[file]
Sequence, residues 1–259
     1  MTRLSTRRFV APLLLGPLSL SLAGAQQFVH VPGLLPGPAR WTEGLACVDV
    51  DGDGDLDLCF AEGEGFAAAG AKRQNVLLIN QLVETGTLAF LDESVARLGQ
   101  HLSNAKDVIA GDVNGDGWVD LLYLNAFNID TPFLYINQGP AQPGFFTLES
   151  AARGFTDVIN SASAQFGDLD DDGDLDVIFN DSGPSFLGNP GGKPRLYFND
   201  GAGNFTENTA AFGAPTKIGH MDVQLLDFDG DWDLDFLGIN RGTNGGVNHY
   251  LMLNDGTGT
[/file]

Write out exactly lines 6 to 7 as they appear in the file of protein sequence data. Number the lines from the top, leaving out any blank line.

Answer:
   201  GAGNFTENTA AFGAPTKIGH MDVQLLDFDG DWDLDFLGIN RGTNGGVNHY
   251  LMLNDGTGT